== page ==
A new report launched today titled “UK TB Voices: The Story Behind the Statistics” depicting the personal stories of individuals affected by TB in the UK, calls on the UK Government to form a national strategy for TB and highlights the need for a coordinated international response to the disease.
The report, published by RESULTS UK, TB Alert, TB Action Group and the All Party Parliamentary Group on Global TB explores TB in the UK through the first-person accounts of five ex-TB patients and one of the UK’s leading clinicians. The sometimes shocking accounts offer unique insight into the terrible impact of TB in the UK, the harshness of anti-TB drugs and their associated side-effects and the challenges of keeping patients on treatment. In the report’s foreword, Dame Sally Davies, the Chief Medical Officer, highlighted the: “compelling case for the long-term and sustained action needed to improve prevention, detection and diagnosis of cases and ensure treatment completion.”
The UK has some of the highest rates of TB in Western Europe and rates have been steadily increasing since the late 1980s. Nearly 9,000 people in the UK are diagnosed with TB every year. The report highlights the crushing impact of the disease on those who suffer from it. One of the patients interviewed for the report, Natalie, described the extended delay she experienced before receiving an accurate diagnosis: “I was in pain for six years before they diagnosed me with TB.” The treatment for TB can be long and arduous, which was the case for Natalie: “The side-effects hit me hard and I was completely unprepared for them. I was vomiting a lot. I developed rashes all over my body. In total, I took over 2,500 pills in six months.”
The report offers a number of policy recommendations and calls on the UK Government to introduce a National Strategy on TB that will drive a patient-centred approach to TB treatment and ensure an appropriate balance of clinical and social care for the disease.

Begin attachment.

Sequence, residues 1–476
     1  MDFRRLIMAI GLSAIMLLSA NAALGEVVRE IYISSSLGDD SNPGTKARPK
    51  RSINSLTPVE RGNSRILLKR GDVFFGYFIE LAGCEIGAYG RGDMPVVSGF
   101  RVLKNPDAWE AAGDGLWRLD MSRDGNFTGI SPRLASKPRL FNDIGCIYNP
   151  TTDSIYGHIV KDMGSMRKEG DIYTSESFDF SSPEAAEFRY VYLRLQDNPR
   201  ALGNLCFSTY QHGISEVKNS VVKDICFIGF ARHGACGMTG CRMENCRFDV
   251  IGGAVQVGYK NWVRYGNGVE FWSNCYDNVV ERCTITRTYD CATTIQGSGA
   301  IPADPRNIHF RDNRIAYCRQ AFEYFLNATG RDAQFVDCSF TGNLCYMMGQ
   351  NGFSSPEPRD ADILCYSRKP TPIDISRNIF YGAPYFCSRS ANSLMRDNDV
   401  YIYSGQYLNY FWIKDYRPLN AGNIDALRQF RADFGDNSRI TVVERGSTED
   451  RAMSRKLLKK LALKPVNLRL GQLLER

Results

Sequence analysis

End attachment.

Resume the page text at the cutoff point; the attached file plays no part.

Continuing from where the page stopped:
A National Strategy is currently being formulated by a group of key health officials and it must be completed, fully funded, and part of a wider government strategy on TB. John McConnell, Editor of The Lancet Infectious Diseases journal, explained why it is so important: “A National Strategy for TB is urgently needed in the UK, one that reflects the challenges of reaching target groups such as immigrants, vulnerable and disadvantaged populations. Without this we will soon have more new cases of TB every year in the UK than the whole of the USA.”
The report makes several other key recommendations, notably the need to introduce a mechanism to ensure coordination across the UK Government’s TB interventions and the importance of tackling the disease internationally, stating: “The only certain way to eliminate TB as a public health threat in the UK is to drastically reduce the number of cases worldwide. This requires financing, but also global leadership…The 8.6 million people around the world who contract TB every year need the UK Government to take the lead in addressing the TB epidemic.”